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Venture Capital Trusts (VCTs)

What are VCTs?

VCTs are retail investment products. They are pooled investments where a number of investors buy shares through individual subscription that then creates sufficient money to make the investment opportunity possible. VCTs were launched by the Government in 1995 to encourage individual investors to invest in small unlisted UK trading companies i.e. companies whose shares, stocks, debentures or other securities are not available to be bought or sold publicly. Investors were, and still are, incentivised to make an investment in return for some generous tax breaks.

Why small companies?

The UK has moved away from a large industrial economy based on large scale manufacturing and is seeing most growth in small to medium enterprises (SMEs). Successive governments have realised that this part of the economy has the most potential to sustain UK GDP but suffers from a lack of seed capital or longer term financing. Since the credit crunch retail banks have been more reluctant to lend to SMEs so have had to look to private finance as a route to fund further growth.

Individual companies can therefore apply for VCT investment money to satisfy their requirement for capital.

How is a VCT structured?

VCTs used to be companies that were listed on the London Stock Exchange, but from April 2011 VCTs are companies admitted to trading on a regulated market. A regulated market is one named as such by the EU, covering markets in EU and EEA countries.

VCTs are similar to investment trusts and are run by fund managers. Investors can subscribe for, or buy, shares in a VCT, which in turn then invest in trading companies, providing them with funds to help them develop, grow and expand. The VCT provider will issue a prospectus inviting investors to subscribe to its latest issue of shares. This issue must be approved by HMRC.

What are the tax benefits?

Income Tax relief               at 30% – available on a maximum investment of £200,000.
Tax-free income                 if the VCT shares pay dividends, these distributions are tax-free.
No Capital Gains Tax       on the sale of the shares.

What are the risks?

Primarily there are two main risks associated with VCT investment:

1. Investment Risk

You could lose all or some of your invested money. By their very nature VCTs invest in small or start-up companies who are looking to fund their businesses further; such businesses carry much greater risk than their more established mature counterparts.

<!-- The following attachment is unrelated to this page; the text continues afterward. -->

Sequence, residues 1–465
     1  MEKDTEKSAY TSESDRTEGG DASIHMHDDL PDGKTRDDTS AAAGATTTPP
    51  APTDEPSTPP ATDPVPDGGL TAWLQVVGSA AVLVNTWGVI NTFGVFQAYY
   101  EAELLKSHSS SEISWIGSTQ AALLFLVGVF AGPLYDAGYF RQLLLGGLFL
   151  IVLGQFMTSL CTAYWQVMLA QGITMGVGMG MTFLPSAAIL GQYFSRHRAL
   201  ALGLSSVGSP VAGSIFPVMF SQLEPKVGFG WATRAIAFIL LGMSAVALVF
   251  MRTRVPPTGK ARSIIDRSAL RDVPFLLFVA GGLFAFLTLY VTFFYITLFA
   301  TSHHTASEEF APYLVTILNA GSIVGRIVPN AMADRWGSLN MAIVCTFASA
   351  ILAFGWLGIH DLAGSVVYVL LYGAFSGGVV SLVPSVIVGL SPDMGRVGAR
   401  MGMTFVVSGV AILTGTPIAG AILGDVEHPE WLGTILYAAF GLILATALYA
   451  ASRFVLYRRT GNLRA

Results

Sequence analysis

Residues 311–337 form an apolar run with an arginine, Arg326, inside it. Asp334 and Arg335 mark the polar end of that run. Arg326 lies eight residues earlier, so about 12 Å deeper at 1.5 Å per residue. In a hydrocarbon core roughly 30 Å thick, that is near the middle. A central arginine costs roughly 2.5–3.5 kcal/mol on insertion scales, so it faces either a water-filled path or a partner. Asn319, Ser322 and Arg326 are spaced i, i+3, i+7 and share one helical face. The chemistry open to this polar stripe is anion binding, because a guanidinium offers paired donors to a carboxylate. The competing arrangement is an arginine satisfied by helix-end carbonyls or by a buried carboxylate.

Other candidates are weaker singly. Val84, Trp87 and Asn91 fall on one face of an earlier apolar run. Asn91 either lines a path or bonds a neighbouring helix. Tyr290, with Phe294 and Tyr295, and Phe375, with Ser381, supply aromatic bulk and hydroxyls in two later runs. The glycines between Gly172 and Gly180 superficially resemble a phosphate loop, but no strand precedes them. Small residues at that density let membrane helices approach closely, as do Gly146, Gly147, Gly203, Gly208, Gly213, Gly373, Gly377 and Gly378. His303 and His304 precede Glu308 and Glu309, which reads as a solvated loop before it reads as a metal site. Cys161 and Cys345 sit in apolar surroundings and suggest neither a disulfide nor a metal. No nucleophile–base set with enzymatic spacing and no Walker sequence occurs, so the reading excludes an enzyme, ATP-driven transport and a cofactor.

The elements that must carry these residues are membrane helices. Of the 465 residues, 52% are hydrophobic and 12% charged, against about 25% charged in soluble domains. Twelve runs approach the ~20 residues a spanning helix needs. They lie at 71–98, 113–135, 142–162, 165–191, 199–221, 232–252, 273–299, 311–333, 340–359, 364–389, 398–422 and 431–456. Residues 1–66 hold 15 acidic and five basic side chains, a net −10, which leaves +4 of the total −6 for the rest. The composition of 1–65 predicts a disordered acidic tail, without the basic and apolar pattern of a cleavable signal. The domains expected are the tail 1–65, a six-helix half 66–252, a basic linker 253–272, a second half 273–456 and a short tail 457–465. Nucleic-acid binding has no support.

VCT companies will try to mitigate this risk by:

  • Spreading investor’s money across a number of different companies
  • Investing in more mature or lower risk businesses or those that own real assets e.g. property
  • Select the companies carefully and follow a rigorous process of due diligence
  • Maintaining 30% of the VCT fund in cash deposits, fixed-interest securities or quoted shares

2. Liquidity Risk

There may not be a market to sell your VCT shares. An investor must retain his VCT shares for a minimum of 5 years to keep the 30% income tax relief given. The second hand market for these shares may be limited especially as the income tax relief is not given to the purchaser.

VCT companies will try to mitigate this risk by:

  • Offering to buy back their own shares at a specified date in the future if certain conditions are met.
  • Structuring the VCT as a planned exit or limited life offering.

What kinds of VCTs are there?

These are some of the basic types of VCTs:

a. Generalist VCT

General VCTs spread investments between AIM listed companies and unlisted companies. They often have a policy of investing in companies that are already or very nearly profitable. The objective is to support companies that have strong management and business models, that are in or entering an expansionary phase, and so can promise growth for their investors. This approach encompasses those situations in which a committed management team seeks to buy up and turn around a neglected business entity i.e. a Management Buy-Out.

b. Specialist VCT

These VCTs invest mainly in a specialist sector or specific market. These sectors could include technology, media, leisure, healthcare or low carbon, alternative energy businesses.

c. AIM VCT

AIM VCTs invest in companies that are quoted on the Alternative Investment Market (AIM) index. AIM is an exchange on which smaller companies’ shares are traded. While it is easier to track the performance and liquidity of the underlying investment via its quote on AIM, only the smallest AIM-listed companies are likely to fall within the maximum size of enterprise that VCTs are permitted to subscribe to.